The Vulnerability of Minority Homeowners in the Housing Boom and Bust
Patrick J. Bayer
Duke University - Department of Economics; National Bureau of Economic Research (NBER)
Fernando V. Ferreira
University of Pennsylvania - The Wharton School
Stephen L. Ross
University of Connecticut - Department of Economics
January 29, 2015
Economic Research Initiatives at Duke (ERID) Working Paper No. 145
This paper examines mortgage outcomes for a large, representative sample of individual home purchases and refinances linked to credit scores in seven major US markets in the recent housing boom and bust. Among those with similar credit scores and loan attributes, black and Hispanic homeowners had much higher rates of delinquency and default in the downturn. There is important heterogeneity within minorities: black and Hispanics that live in areas with lower employment rates and that have high debt to income ratios are the driving force behind the observed racial and ethnic differences in foreclosures and delinquencies. Moreover, these estimated differences are especially pronounced for loans originated near the peak of the housing boom even after controlling for the effect of origination timing on households’ equity position. These findings suggest that black and Hispanic homeowners drawn into the market near the peak were especially vulnerable to adverse economic shocks and raise concerns about homeownership as a mechanism for reducing racial disparities in wealth.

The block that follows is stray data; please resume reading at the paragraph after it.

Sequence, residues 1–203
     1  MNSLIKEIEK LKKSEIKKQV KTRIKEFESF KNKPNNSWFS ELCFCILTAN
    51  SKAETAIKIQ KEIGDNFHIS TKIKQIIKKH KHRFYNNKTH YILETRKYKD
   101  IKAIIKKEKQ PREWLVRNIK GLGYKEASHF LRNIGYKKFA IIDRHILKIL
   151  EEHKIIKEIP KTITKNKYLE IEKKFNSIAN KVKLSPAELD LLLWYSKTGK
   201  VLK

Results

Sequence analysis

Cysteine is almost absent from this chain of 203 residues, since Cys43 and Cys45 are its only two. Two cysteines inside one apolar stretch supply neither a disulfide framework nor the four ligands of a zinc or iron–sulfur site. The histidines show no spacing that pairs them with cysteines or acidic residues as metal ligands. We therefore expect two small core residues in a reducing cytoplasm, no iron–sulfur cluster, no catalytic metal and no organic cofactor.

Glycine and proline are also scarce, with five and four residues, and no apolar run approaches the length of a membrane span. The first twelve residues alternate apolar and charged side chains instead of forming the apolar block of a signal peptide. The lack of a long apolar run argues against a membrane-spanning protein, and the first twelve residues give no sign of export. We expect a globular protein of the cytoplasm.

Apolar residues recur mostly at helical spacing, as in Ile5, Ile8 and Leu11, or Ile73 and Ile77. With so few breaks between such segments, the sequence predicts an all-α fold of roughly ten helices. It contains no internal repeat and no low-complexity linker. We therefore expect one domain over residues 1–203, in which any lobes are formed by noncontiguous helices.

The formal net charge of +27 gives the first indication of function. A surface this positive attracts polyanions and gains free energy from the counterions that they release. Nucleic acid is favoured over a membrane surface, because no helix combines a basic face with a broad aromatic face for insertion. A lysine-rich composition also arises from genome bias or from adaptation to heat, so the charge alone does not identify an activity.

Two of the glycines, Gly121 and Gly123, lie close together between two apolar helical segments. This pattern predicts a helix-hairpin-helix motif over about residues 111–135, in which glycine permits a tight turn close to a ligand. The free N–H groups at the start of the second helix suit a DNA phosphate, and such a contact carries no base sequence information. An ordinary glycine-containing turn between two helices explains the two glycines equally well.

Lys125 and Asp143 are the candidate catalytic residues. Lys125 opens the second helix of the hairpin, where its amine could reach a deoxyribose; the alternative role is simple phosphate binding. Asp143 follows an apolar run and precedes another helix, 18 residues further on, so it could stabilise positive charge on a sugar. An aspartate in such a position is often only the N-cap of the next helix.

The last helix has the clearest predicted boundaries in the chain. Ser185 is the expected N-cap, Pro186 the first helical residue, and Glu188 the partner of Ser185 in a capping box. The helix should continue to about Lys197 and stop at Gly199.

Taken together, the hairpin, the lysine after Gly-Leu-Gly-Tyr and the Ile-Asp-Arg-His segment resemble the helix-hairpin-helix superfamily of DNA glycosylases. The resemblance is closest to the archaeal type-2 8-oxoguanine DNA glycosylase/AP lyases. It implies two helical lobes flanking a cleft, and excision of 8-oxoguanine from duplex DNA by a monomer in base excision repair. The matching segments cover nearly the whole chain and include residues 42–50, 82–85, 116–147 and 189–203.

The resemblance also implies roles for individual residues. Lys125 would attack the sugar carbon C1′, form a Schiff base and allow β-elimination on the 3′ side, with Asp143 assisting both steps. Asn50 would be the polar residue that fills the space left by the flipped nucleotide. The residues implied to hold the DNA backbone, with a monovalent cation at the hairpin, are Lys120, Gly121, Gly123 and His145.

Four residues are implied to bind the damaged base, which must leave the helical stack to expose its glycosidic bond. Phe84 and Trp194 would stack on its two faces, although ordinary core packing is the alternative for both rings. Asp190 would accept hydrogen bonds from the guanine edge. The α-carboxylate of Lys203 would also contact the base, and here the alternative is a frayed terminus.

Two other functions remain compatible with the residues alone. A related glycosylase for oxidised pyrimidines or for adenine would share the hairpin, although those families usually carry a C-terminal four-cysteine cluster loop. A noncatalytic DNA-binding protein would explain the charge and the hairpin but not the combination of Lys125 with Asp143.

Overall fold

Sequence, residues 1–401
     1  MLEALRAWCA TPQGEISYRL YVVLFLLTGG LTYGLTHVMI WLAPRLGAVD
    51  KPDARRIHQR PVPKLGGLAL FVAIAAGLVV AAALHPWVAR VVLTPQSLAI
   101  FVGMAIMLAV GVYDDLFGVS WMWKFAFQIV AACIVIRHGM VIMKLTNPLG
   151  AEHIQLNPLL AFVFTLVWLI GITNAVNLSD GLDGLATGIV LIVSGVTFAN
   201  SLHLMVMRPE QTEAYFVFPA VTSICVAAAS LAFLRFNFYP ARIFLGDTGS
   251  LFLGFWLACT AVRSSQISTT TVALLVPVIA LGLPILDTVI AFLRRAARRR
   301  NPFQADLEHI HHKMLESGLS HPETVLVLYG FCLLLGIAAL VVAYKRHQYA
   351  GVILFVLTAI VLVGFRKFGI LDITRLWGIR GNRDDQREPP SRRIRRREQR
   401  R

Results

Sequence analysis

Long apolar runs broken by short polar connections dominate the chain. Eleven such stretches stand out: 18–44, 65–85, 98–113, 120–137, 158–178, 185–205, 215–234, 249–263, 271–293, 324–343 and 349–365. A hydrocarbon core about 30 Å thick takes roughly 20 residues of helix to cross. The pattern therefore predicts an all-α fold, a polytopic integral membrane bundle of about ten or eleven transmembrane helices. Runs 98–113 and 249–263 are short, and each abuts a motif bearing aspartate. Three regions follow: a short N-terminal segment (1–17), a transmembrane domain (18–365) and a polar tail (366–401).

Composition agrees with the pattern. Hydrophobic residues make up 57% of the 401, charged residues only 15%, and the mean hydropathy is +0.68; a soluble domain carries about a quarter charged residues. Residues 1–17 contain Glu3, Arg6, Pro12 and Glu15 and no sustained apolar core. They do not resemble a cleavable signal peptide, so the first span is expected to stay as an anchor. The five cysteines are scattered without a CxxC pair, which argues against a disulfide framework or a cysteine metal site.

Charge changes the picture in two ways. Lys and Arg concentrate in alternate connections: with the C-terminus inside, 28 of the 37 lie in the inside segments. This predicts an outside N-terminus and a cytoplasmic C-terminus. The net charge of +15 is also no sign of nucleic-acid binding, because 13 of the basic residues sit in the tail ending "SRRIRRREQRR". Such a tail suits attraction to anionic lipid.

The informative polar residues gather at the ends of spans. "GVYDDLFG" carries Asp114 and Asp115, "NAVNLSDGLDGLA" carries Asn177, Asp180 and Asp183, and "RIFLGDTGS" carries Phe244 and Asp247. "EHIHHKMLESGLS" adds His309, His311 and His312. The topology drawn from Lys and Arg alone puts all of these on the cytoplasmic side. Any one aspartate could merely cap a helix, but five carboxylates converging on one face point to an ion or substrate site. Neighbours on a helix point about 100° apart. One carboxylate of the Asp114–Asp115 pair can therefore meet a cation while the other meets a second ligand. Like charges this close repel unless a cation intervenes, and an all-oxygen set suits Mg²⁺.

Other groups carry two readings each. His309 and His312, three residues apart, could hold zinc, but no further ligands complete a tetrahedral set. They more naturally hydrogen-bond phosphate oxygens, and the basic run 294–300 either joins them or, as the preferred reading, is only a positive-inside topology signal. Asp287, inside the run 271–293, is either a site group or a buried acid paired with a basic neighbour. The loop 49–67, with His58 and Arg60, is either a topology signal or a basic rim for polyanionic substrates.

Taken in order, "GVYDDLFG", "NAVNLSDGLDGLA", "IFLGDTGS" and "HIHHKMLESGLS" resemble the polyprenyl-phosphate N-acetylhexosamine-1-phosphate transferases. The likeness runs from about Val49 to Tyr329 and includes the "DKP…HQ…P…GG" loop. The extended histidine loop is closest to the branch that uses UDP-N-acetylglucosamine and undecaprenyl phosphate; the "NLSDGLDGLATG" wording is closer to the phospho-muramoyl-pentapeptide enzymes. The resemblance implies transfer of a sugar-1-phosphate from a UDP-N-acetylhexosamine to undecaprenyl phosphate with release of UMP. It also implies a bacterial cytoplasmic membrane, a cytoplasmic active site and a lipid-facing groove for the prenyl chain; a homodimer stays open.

Number of Pages in PDF File: 39
Date posted: May 3, 2013 ; Last revised: February 2, 2015
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